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Artist Kay West grew up all over the country as the child of a serviceman. In high school, art was her salvation.
Multidisciplinary artist Chrissa Walker Chorvat creates in a no-holds-barred fashion with a proclivity for commentaries on sex and war – things that, to her, are closely related.
On May 6, “Utilitarian Incorporeal Countereffort” opens at Kolva-Sullivan Gallery. During the reception, visitors can ask artist Paul Andrew Gregg the reasoning for the title, though he might just leave you guessing.
Carol Schmauder drew and painted in oil in her youth. She gave it up while raising nine children because it was hard to “find a place to put oil paintings to dry without little fingers smearing them around.”
Last Friday, dozens of children and their families attended an art show called “A is for Art” in the Seehorn Building of the Steam Plant. The exhibition included more than 400 works of art created by elementary students from East Farms STEAM Magnet School in the East Valley School District. Along with a handful of volunteers, teacher and resident artist Sami Perry hung the work in one day, anticipating an excited crowd. They weren’t disappointed.
Using Sharpies, pencils, watercolors, oil paint and pastels on cereal boxes, glass, wood, paper and canvas, Hannah Koeske creates works thick with layers, often combining drawing, painting and words.
“Fare Thee Well” is Bernadette Vielbig's last exhibition in Spokane. It includes work from her associations with Lorinda Knight Gallery, Chase Gallery, Tinman Art Works, and Saranac Art Projects.
On Saturday and Sunday at Stage Left Theater, the audience is advised not to blink during the theater’s third annual staged readings of 1- to 3-minute-long plays. “Fast and Furious” includes more than 35 plays written by local and national playwrights.
Livingston’s Spokane exhibit opens Thursday at the Richmond Art Collective’s new gallery space in the historic Richmond Building, 228 W. Sprague Ave.
“I live out my dreams, my fears, and my experiences through my art. It is a lifelong study of the human condition and of my own condition,” Melanie Lieb Taylor said. “My art is my travels, my childhood, my family and friends, enemies and heroes. It is the product of my hopes and an outlet for intense emotions and moments that have no words.”
“We Are Still Here” will highlight works of Native American artists, representing more than a dozen tribes.
Aryn Lindsey Fields likes running through fields of clay. Though she paints, sketches and makes lithographs, clay is her medium of choice. Working in a studio on the South Hill that was designed to be a garage, she hand-forms 3-D portraits. “I enjoy creating personalities,” she said. “I want the viewer to look at one of my faces and wonder what they are thinking, what their history is.”
“Art is my therapy,” says Sierra Dawson. “With each brush stroke, I leave behind a piece of me. When I reach for my paintbrush, music speaking to me in the background, all of my thoughts are put on mute. Whether I’m feeling happy or sad, I deal with it though painting or a different artistic medium.”
Dozens of artists, working in many mediums, are exhibiting in the Compassion for Animals show, including students, an inmate from the prison in Walla Walla, and Kit Jagoda, a Spokane Public Schools art teacher and animal rescuer at River’s Wish Animal Sanctuary.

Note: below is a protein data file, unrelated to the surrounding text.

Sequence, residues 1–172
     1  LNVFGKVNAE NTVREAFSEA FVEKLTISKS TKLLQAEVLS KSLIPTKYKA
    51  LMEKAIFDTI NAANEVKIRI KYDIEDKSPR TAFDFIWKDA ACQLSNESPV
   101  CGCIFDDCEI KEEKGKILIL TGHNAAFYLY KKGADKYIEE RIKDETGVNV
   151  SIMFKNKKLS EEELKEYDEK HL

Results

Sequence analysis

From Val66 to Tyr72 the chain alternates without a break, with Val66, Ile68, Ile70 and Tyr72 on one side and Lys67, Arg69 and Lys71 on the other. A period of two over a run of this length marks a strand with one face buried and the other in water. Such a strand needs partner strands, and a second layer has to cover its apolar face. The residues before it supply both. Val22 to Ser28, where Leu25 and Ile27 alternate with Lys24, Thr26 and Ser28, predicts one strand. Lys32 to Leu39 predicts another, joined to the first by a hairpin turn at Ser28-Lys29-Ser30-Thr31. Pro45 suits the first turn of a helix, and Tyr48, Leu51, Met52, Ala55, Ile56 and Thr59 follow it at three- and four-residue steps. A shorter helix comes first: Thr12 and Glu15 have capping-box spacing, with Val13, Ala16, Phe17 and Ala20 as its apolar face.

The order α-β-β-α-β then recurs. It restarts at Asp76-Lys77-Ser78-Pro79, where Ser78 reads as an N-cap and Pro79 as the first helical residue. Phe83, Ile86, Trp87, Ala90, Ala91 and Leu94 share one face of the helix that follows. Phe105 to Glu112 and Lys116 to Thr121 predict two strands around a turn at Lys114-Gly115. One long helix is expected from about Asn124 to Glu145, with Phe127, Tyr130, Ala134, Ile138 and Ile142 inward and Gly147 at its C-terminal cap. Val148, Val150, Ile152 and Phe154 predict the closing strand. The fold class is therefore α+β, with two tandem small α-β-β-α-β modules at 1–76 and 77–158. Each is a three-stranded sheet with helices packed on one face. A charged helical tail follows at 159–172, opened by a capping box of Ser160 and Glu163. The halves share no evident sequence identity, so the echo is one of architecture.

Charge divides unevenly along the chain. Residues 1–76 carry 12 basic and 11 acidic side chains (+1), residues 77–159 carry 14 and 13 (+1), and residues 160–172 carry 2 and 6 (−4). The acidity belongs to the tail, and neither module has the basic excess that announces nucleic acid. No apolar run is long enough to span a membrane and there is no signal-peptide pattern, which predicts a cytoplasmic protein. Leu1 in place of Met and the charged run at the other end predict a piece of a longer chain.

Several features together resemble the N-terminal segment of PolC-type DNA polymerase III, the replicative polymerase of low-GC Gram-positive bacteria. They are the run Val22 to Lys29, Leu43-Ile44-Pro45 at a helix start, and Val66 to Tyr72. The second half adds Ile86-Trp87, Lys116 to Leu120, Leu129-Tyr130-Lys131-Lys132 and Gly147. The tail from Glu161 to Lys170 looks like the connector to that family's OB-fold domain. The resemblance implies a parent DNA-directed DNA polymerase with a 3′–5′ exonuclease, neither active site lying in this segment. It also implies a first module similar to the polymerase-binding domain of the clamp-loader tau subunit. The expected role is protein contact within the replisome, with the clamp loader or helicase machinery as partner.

The Spokane Watercolor Society’s annual juried show has a new home at the Northwest Museum of Arts and Culture. Starting Sept. 30, paintings will be on display in the Helen South Alexander Gallery in the Cheney Cowles Center.
Moksha’s instrumental tones, sounds and beats leave a listener with room for thought. The music is like a painting of sound. The group’s name means “freedom from the differentiated, temporal and mortal world of ordinary experience,” and its sound is anything but ordinary.
Max Marlett, 23, is an emerging artist who will most likely be emerging for quite some time. “It is once the artist has experimented enough to become comfortable with their style and skill that they can begin on the quest of their artistic endeavor,” he said. “You have to embrace who and what you are as a painter and a person. There is a lot to say, and that changes as you journey through your career.”
Some people might describe singer/songwriter Matthew Joseph Hughes as shy. Soft-spoken, he often looks like a deer in the headlights when you’re speaking to him, almost as if conversation pains him. That all changes when he picks up one of his guitars, first hopping onto his kitchen counter to strum a few chords, then moving into the living room where he sits cross-legged on the floor with his guitar in his arms and begins to sing. This is the kind of conversation he’s good at – heartfelt experiences set to melodies.
At Object Space, 1818 1/2 E. Sprague Ave., the work of more than a dozen Eastern Washington University art students occupies the space. The artists are all students of the Studio Art Program who took the Senior Capstone course that focuses on the professional practice of a fine artist.
Styrofoam heads and shoes can tell stories. Art therapist Lila Dielke knows because she’s heard them and, though she’s often brought to tears, she is certain that healing is possible.